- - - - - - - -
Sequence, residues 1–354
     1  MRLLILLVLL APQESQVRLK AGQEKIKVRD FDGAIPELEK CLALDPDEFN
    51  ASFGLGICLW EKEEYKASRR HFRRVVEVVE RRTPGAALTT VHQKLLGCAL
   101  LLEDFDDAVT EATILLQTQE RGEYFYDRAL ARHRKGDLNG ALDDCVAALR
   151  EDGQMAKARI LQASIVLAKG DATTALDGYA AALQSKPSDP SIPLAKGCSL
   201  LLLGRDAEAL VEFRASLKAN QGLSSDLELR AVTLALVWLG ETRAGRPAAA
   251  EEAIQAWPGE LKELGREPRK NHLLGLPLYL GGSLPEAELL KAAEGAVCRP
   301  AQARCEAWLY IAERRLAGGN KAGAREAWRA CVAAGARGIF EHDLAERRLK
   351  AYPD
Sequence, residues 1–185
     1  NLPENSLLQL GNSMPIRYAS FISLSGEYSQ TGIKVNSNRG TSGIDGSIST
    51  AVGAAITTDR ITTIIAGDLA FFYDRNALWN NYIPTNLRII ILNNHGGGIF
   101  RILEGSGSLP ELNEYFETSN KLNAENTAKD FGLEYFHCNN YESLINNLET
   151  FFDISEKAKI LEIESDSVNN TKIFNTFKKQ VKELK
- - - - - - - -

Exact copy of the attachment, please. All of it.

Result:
Sequence, residues 1–354
     1  MRLLILLVLL APQESQVRLK AGQEKIKVRD FDGAIPELEK CLALDPDEFN
    51  ASFGLGICLW EKEEYKASRR HFRRVVEVVE RRTPGAALTT VHQKLLGCAL
   101  LLEDFDDAVT EATILLQTQE RGEYFYDRAL ARHRKGDLNG ALDDCVAALR
   151  EDGQMAKARI LQASIVLAKG DATTALDGYA AALQSKPSDP SIPLAKGCSL
   201  LLLGRDAEAL VEFRASLKAN QGLSSDLELR AVTLALVWLG ETRAGRPAAA
   251  EEAIQAWPGE LKELGREPRK NHLLGLPLYL GGSLPEAELL KAAEGAVCRP
   301  AQARCEAWLY IAERRLAGGN KAGAREAWRA CVAAGARGIF EHDLAERRLK
   351  AYPD
Sequence, residues 1–185
     1  NLPENSLLQL GNSMPIRYAS FISLSGEYSQ TGIKVNSNRG TSGIDGSIST
    51  AVGAAITTDR ITTIIAGDLA FFYDRNALWN NYIPTNLRII ILNNHGGGIF
   101  RILEGSGSLP ELNEYFETSN KLNAENTAKD FGLEYFHCNN YESLINNLET
   151  FFDISEKAKI LEIESDSVNN TKIFNTFKKQ VKELK